Music at Elsewhere

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The New Existentialists: Didn't Have Time (bandcamp)

22 May 2020  |  1 min read

With the subtitle “work in progress 2019-2020” and a blurb which downplays expectations (“raw unformed things that the world was not meant to hear”) the New Existentialists neatly present 10 songs as rough drafts completed during lockdown by synth player Fraser Hunter who co-produced this with mainman George D Henderson (the Puddle). And although pleasing ragged... > Read more

The Music Convention: The Charge of the Music Convention (Frenzy/digital outlets)

21 May 2020  |  1 min read

In the late Sixties Auckland's Music Convention – originally out of the Hamilton area as the Spectres and the Trends – released one of the baddest, greatest, noisiest New Zealand singles ever. It was Belly Board Beat which was an explosion of surf rock with sitar and sounded as if it had been recorded in a beachside ashram where instead of meditating the very stoned devotees... > Read more

US Girls: Heavy Light (4AD/Rhythmethod/digital outlets)

18 May 2020  |  1 min read

From the ambiguous album title – is it a play on opposites, or is the light heavy? – and through these teasingly accomplished songs which reference a swathe of pop history aural references (old school soul, Michael Jackson, r'n'b, disco), this seventh outing for US Girls (Juno-nominated Meghan Remy from Toronto) covers a lot of musical terrain. But it... > Read more

Various Artists: Blood and Dust; A Gothic Western (Venus Aeon/digital outlets)

16 May 2020  |  <1 min read

Given Elsewhere's unashamed affection for the Western genre (is The Good The Bad and The Ugly the best film ever made? A. Yes) and albums like The Unforgiven's self-titled sole outing we would naturally gravitate to this collection. The best Westerns reference Greek mythology as much as gunplay mayhem, and so the darkness of Goth music works into the heroic nihilism of the genre.... > Read more

SHORT CUTS: A round-up of recent New Zealand releases

15 May 2020  |  3 min read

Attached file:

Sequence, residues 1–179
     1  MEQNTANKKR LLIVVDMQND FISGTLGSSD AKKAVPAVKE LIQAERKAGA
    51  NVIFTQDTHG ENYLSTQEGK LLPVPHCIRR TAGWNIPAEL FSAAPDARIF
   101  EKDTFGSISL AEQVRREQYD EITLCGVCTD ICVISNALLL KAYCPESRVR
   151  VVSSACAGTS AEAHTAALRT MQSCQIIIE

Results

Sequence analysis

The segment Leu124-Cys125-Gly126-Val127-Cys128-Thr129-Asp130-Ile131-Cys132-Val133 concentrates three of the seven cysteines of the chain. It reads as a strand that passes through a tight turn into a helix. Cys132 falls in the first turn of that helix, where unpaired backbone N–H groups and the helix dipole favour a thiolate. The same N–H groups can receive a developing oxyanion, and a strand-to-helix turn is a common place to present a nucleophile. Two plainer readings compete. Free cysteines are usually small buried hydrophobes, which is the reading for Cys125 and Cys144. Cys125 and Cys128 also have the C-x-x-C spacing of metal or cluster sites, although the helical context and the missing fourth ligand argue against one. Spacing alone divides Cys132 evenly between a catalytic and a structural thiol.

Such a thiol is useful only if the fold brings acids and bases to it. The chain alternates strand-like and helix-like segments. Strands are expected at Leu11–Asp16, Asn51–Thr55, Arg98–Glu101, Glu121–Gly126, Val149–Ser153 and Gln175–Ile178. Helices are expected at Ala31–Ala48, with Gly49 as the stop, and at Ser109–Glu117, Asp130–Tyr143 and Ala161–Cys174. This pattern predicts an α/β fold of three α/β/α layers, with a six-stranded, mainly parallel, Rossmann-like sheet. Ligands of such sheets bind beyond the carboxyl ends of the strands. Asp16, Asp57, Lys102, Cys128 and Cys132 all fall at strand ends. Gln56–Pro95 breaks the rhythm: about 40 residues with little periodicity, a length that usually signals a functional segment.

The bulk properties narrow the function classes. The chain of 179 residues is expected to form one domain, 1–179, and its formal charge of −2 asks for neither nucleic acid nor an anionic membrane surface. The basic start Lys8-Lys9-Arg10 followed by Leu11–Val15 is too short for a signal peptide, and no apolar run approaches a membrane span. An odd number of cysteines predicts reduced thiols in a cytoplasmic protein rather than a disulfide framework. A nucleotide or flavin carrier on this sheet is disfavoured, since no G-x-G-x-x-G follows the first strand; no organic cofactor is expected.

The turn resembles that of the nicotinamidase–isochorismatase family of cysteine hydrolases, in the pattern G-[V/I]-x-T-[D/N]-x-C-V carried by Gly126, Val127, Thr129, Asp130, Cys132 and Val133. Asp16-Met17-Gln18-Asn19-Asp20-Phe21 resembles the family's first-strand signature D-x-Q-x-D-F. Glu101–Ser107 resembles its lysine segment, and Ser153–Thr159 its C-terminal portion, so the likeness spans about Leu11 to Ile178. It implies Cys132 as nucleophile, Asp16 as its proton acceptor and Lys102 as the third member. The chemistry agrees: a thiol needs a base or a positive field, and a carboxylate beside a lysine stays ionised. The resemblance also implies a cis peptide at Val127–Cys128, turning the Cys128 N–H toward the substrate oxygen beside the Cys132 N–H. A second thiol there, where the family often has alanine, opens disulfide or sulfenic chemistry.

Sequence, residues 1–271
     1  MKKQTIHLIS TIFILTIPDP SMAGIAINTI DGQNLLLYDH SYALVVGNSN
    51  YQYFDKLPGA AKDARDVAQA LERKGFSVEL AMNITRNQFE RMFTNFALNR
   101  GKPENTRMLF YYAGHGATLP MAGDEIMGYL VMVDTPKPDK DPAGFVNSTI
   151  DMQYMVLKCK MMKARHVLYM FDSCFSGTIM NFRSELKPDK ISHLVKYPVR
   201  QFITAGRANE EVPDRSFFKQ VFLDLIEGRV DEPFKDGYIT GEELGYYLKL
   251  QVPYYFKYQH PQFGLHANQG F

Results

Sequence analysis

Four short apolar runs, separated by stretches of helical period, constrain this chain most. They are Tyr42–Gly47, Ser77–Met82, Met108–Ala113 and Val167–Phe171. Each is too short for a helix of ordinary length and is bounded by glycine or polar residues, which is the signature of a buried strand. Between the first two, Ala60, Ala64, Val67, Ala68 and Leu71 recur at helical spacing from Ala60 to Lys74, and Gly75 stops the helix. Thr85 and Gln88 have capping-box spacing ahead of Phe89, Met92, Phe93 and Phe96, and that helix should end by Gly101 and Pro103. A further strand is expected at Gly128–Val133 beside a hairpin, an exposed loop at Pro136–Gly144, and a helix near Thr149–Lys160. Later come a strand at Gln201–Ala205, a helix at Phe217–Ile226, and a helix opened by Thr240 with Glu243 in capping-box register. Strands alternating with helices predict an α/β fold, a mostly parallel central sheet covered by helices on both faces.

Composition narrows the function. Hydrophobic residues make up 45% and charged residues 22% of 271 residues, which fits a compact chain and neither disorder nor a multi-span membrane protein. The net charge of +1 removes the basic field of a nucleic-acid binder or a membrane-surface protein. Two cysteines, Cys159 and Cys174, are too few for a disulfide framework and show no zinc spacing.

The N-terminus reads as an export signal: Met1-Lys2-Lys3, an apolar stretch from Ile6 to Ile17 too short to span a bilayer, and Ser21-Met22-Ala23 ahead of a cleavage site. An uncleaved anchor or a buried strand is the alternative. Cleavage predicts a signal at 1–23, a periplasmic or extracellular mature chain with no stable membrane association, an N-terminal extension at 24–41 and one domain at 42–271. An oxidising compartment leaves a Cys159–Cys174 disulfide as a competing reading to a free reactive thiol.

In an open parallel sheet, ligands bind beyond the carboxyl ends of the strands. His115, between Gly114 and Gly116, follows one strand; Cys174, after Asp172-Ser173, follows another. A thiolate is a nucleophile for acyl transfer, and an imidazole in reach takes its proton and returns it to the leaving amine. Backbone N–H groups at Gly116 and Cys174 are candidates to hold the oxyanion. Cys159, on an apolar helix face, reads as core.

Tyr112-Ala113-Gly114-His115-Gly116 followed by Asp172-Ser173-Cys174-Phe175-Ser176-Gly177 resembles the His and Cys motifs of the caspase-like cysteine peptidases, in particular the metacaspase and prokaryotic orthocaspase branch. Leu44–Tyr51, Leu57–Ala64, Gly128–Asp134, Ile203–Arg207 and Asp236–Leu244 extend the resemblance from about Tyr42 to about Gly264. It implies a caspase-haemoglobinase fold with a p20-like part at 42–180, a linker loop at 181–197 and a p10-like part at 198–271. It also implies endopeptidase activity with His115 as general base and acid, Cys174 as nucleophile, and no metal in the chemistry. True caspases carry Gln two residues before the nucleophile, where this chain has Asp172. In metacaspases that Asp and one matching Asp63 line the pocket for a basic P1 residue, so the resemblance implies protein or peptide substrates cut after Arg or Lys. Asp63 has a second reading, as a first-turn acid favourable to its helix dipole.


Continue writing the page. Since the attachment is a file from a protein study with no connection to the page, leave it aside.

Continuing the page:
The combination of lockdown and New Zealand Music Month has clearly meant a lot of musicians at home with nothing to do – or now the time to do things in – have recorded and released albums . . . and there is gridlock on the internet highway. It would be impossible for Elsewhere to deal with all the ones which have appeared rather suddenly in the past 10 days, so... > Read more

EOB: Earth (Capitol/digital outlets)

11 May 2020  |  1 min read

The EOB here who also doesn't appear on the album cover is in fact one Ed O'Brien, more widely known as a guitarist in Radiohead. That he slips this out with little fanfare around his reputation is admirable, and as a debut under his own name it is clearly an album with more modest ambitions than what bandmate Thom Yorke explores on his solo outings. O'Brien – with a cast which... > Read more

Hayley Williams: Petals for Armor (WEA/digital outlets)

9 May 2020  |  1 min read

Here's an “album” we mention, if only for it being emblematic of a current phenomenon in pop. In the olden times artists released singles, EPs and albums. They were generally different things – short, medium length, long – although of course an EP and/or album may also include the hit single. That was acceptable. Some acts didn't release singles so when the album... > Read more

Modern Studies: The Weight of the Sun (Fire/Southbound/digital outlets)

8 May 2020  |  1 min read

We're all allowed private passions and music which seduces us in a way we suspect others might enjoy but unfortunately never discover. And so it is with the British quartet Modern Studies whose previous two albums Swell to Great and Welcome Strangers (as well as an interesting remix of Swell to Great by Tommy Perman as Emergent Slow Arc) we have taken quiet delight in.... > Read more

Run for Cover

Fly My Pretties: The Studio Recordings, Part Two (Loop)

6 May 2020  |  <1 min read

The previous volume found Wellington's FMPretties and many guest vocals in the studio revisiting previously released live material. This does exactly the same with mainman Barnaby Weir's vocals central alongside guest singers such as Hollie Smith (especially good on Clarity), Eva Prowse, Ryan Prebble and A Girl Named Mo reprising their live roles. With its easy weave from soul to... > Read more

The Rockets: The Complete Recordings 1961-1964 (Frenzy/digital outlets)

5 May 2020  |  1 min read

In the early Sixties before the arrival of the Beatles, guitar instrumental bands were a commonplace. Among the best known would be the Ventures, Shadows, Surfaris, Tornados . . . Be they surf rock or aiming higher (like into the cosmos during the Space Race era), these bands of largely interchangeable members around the lead player were certainly popular. New Zealand had more than... > Read more